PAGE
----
This Week at EV

There were plenty of great links to explore on the web this week; here are a few that caught our eye:

  • Why is there no modern edition of Robert E. Lee’s papers? Glenn W. LaFantasie discusses the Lees’ hold on the family papers in “The Confederate We Still Don’t Know.”
  • If you’re in need of a fresh Friday Read, look no further than the American Historical Association blog’s crowd-sourced list of great history books. What would you add to the list?
  • “Putting an Antebellum Myth About Slave Families to Rest,” the New York Times op-ed by Princeton University’s Tera W. Hunter, is a must-read.
  • Over at Southern Spaces, Scott Nesbit uses data-mapping to explore the migration and marriage patterns of freedpersons in Virginia after emancipation (via Kevin Levin).
  • On the EV blog, we marked the anniversary of the gruesome Battle of the Crater and commemorated Robert Carter’s little-known emancipation of more than 500 of his slaves.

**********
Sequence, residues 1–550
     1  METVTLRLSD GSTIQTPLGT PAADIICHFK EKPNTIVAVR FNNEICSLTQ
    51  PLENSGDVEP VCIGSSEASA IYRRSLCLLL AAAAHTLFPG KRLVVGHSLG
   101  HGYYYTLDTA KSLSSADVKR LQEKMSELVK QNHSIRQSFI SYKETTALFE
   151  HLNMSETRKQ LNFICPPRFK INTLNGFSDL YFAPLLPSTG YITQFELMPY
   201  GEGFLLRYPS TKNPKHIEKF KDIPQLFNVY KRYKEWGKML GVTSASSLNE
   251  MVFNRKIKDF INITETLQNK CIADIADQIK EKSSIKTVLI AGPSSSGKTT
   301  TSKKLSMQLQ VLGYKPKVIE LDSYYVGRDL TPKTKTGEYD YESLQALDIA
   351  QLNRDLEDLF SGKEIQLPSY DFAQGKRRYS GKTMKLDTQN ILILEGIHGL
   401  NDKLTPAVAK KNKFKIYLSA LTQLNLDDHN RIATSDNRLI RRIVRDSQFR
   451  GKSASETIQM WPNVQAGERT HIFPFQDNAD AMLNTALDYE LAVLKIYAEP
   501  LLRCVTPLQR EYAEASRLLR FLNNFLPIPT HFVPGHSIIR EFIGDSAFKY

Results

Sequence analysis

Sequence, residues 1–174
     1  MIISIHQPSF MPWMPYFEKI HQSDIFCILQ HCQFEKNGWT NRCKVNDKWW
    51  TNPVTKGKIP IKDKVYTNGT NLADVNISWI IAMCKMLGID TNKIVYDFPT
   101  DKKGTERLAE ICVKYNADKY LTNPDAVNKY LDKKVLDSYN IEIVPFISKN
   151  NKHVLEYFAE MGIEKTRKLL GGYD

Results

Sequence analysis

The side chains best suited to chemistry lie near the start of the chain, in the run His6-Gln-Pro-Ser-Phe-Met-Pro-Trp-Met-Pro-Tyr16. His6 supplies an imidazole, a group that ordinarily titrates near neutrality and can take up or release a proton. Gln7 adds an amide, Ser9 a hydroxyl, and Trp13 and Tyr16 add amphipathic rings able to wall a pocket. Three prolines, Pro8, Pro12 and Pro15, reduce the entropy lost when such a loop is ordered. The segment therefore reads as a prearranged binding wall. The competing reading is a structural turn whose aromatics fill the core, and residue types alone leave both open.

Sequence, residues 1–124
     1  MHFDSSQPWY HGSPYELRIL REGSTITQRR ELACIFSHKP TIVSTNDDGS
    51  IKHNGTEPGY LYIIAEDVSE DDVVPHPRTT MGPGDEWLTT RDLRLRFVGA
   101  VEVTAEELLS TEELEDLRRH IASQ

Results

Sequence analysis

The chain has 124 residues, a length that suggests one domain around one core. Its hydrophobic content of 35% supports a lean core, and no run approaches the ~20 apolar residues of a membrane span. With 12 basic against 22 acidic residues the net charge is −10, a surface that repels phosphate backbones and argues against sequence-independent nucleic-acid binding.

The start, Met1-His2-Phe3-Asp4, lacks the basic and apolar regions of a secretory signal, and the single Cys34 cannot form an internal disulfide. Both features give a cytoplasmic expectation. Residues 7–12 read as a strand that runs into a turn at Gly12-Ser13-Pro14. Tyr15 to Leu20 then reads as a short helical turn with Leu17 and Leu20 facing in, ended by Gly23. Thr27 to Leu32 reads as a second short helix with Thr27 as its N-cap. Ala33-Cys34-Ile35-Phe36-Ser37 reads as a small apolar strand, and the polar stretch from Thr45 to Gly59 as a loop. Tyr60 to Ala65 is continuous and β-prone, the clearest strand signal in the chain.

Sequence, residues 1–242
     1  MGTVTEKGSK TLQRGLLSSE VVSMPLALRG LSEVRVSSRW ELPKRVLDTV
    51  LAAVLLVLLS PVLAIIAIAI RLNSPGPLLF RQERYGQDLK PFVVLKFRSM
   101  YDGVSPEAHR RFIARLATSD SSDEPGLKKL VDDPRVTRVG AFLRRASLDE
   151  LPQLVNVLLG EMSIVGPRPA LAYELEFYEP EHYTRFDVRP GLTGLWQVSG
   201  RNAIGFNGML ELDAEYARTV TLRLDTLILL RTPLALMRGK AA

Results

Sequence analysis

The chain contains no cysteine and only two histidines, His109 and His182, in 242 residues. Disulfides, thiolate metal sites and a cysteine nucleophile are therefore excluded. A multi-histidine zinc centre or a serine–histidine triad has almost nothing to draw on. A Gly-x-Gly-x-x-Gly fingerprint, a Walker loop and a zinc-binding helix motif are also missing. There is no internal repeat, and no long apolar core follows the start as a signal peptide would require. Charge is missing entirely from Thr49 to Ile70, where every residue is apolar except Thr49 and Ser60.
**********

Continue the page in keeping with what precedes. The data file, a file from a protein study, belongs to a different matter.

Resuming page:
Plus, here are three recent Encyclopedia Virginia entries you might enjoy:

  • Huskanaw, the rite of passage by which Powhatan Indian boys became men
  • James Crewes, who in 1676 participated in Bacon’s Rebellion, acting, in Governor Sir William Berkeley‘s words, as “Bacons parasite, and Trumpett”
  • John Baylor III, one of the most significant breeders of thoroughbred horses in colonial America
IMAGE: The Resurrection of Henry Box Brown at Philadelphia. Brown decided to escape from slavery after his wife of 12 years, who was pregnant with their fourth child and was owned by another master, and their three children were sold to a slaveowner in North Carolina.

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